Solly Sachs

Andrew Allen


Born on Emil Solomon "Solly" Sachs was one of the leading work union leaders of his time. At as young as 20 years old, he had founded his own small trade union for his shop, and was the honorary secretary until its collapse in 1926. However, that same year, he was elected to the national executive committee of the South African Trade and Labour Council. In 1928, he was appointed as the Secretary of the Garment Workers' Union(GWU) of South Africa because of his sympathy for the Afrikaner girls' poor living and working conditions. This Union is specific was Sachs' most successful and powerful trade union. Shortly after, in 1932, Solly was arrested, then banned, from the country for 12 months. While overseas during his banishment, he obtained films from Germany and Russia to bring back and show in South Africa. From 1939 to 1944, Sachs was instrumental in passing the Unemployment Act, the Unemployment Ensurance Act, and the Industrial Conciliation Act, which all helped with assissting the unemployed.The GWU continued to arrange protests to the South African government in the 1950s, which got Sachs arrested multiple times for his speeches to the mass crowds. In the next year, Sachs moved to England, but continued his support for the opposition of the South African government.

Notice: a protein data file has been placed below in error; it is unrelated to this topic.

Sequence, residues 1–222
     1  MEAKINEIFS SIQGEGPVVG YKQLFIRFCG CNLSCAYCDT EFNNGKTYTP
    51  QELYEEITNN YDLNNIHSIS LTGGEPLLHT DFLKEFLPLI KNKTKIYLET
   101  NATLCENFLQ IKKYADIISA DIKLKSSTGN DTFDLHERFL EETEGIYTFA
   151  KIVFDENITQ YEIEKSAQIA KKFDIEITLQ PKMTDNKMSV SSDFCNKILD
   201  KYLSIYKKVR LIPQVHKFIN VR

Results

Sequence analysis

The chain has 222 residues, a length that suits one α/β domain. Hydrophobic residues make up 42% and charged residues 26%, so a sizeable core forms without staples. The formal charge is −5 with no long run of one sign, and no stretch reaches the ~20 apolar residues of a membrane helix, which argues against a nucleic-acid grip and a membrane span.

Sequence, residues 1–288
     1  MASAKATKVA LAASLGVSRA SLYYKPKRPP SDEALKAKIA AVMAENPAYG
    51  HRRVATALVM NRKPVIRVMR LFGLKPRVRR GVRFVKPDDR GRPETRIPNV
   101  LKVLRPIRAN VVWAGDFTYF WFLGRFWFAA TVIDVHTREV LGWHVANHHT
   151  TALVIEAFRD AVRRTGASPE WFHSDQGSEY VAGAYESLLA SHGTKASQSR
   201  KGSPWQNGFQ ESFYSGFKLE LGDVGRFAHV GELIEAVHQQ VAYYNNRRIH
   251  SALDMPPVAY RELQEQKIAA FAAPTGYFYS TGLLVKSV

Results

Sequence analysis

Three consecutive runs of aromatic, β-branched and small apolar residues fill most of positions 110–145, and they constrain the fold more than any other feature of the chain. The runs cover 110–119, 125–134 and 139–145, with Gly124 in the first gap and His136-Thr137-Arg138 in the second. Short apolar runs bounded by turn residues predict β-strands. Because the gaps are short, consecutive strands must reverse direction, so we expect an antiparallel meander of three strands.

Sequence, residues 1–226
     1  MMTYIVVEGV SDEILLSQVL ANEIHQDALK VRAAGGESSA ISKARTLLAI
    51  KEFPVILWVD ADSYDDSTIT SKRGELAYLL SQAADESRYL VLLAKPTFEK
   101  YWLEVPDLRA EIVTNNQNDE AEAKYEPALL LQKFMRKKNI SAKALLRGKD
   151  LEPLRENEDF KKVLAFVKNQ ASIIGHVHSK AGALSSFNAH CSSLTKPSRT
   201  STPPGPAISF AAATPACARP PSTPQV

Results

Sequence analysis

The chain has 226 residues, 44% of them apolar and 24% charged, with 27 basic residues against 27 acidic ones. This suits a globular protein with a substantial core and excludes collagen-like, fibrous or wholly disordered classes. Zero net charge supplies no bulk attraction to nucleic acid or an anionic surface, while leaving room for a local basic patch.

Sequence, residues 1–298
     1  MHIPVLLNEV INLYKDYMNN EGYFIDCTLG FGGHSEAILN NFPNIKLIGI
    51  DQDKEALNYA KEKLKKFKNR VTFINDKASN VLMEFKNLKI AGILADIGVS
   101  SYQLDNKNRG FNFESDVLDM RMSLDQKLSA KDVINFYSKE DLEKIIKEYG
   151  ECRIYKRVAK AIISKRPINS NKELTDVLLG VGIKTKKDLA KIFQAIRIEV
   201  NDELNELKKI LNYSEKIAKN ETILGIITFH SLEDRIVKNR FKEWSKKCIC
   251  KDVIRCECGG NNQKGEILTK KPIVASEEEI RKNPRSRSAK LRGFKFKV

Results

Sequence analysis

Emil Sachs' most important role in the struggle against apartheid was that of the leader of the GWU because of how he specifically worked for Afrikaner woman and their conditions. But what made the GWU so revolutionary in South Africa was that it transcended the barriers of color and class. He employed any women that had come looking for work because of the Depression, whether they be Colored, White, Black, of lower class, or upper class. All he did was separate them by race, so there would be no direct contact between different races.
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Works Cited

"Emil Sachs." Jeeva. N.p., n.d. Web. 15 Nov. 2015.

"All That Glitters." SA History. N.p., n.d. Web. 15 Nov. 2015.

"Jews and Communism in South Africa." Volkstaat. N.p., n.d. Web. 16 Nov. 2015.

"Garment Workers Union (GWU)." South African History Online. N.p., n.d. Web. 16 Nov. 2015.